The Young Messiah (family/religious, Adam Graves-Neal. Rotten Tomatoes: 47%. Metacritic: 33. From Andy Webster’s New York Times review: “Limping into theaters this weekend was yet another entry in the current avalanche of religious-themed movies: Cyrus Nowrasteh’s ‘The Young Messiah,’ which imagines the life of Jesus at age 7. Adapted from Anne Rice’s 2005 best seller ‘Christ the Lord: Out of Egypt’ [the reverent script is by Mr. Nowrasteh and his wife, Betsy Giffen Nowrasteh], and devoid of dramatic tension, the film hits New Testament basics as it depicts the flight of Joseph, Mary and their son from Alexandria, in Egypt, to Nazareth and eventually to Jerusalem.” Read more…)

New Blu-Ray
Star Trek Beyond
Bad Moms

New Foreign DVDs
no_home_movieNo Home Movie (Belgium, Chantal Akerman documentary/memoir. Rotten Tomatoes: 88%. Metacritic: 78. A New York Times Critic’s Pick. From Manohla Dargis’ Times review: “The last time the filmmaker Chantal Akerman appears in ‘No Home Movie’ she’s tying her shoelaces. Seated on a bed in a dark, sparsely furnished room with a single window, she doesn’t say anything. She just ties her shoes, draws the curtains and exits, letting the shot linger on the empty room. Her mother, Natalia, has been failing and Ms. Akerman’s melancholy hangs over the scene like funeral crepe. The first time I watched it, her heavy silence was painful to see; the second time, watching had turned into raw feeling because Ms. Akerman is now gone.” Read more…)

Ugly, Dirty & Bad (Italy, comedy, Nino Manfredi)

New British
The Battle of the Sexes (comedy, 1960, Peter Sellers. From A.H. Weiler’s 1960 New York Times review [requires log-in]: “Since James Thurber’s heroes are startled and confused by the twentieth century’s uncommonly confident woman, docile dogs and even the spring’s first crocus, it has been debatable whether they could be shifted without damage from prose to pictures. That delicate trick has been turned fairly neatly in the British-made ‘The Battle of the Sexes,’ which began at the Murray Hill Theatre yesterday.” Read more…)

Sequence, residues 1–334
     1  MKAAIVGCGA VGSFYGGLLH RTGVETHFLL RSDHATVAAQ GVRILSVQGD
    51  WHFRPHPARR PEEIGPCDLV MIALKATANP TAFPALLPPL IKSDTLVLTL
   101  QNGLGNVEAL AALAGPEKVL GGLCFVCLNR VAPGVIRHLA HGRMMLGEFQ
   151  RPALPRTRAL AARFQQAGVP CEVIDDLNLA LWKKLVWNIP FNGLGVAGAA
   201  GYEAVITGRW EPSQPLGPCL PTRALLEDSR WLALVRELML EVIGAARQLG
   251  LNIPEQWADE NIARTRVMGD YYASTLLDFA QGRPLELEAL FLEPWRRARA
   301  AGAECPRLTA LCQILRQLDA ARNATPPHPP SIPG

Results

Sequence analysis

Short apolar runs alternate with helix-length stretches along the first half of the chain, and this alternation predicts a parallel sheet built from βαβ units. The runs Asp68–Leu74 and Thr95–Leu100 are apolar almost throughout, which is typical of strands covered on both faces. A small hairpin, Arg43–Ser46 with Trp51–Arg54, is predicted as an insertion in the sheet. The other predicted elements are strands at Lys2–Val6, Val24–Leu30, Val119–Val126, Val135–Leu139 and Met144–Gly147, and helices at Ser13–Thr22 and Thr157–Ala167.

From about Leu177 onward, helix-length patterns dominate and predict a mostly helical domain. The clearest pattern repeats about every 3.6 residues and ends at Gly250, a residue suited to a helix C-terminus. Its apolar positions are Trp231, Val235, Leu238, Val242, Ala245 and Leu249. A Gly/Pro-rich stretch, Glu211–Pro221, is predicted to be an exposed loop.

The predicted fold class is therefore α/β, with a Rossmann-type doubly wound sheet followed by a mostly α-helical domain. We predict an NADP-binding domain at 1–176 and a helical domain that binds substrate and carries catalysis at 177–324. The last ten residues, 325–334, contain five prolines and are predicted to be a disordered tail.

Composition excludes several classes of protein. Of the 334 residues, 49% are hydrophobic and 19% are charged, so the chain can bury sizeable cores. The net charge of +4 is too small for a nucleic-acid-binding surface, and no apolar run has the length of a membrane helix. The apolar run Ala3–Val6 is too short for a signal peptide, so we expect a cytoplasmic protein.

The Durrells in Corfu: Season 1 (feel-good Brit series, Keeley Hawes)

New Documentaries
gleasonGleason (sports, football, terminal illness,family dynamics, Steve Gleason. Rotten Tomatoes: 96%. Metacritic: 80. A New York Times Critic’s Pick. From Glenn Kenny’s New York Times review: “In a 2006 football game against the Atlanta Falcons, the New Orleans Saints safety Steve Gleason made a bold headlong leap that blocked a punt. The recovery of that ball led to a touchdown for the Saints, and Gleason and his team, representing the city that had been so terribly battered by Hurricane Katrina in 2005, became national symbols of indomitability. A major theme of ‘Gleason,’ a documentary directed by Clay Tweel about that athlete and philanthropist, is that indomitability is no walk in the park: In 2011, the retired footbsll player learned he had amyotrophic lateral sclerosis, or A.L.S. [The physicist Stephen Hawking also has what is commonly known as Lou Gehrig’s disease.]” Read more…)
Peggy Guggenheim: Art Addict (bio, modern art history, Peggy Guggenheim. Rotten Tomatoes: 93%. Metacritic: 68. A New York Times Critic’s Pick. From Daniel M. Gold’s Times review: “‘ Peggy Guggenheim: art Addict,’ Lisa Immordino Vreeland’s sleek, entertaining portrait of the collector and gallerist who assembled one of the great troves of Modern art, cannot be accused of hagiography. From curators to historians to biographers, art world denizens describe Guggenheim’s flaws and failings: She had no formal training; she used art to promote herself; she was a narcissist. And that’s just in the first five minutes.” Read more…)

Close To You: Remembering the Carpenters (music bio, Karen Carpenter)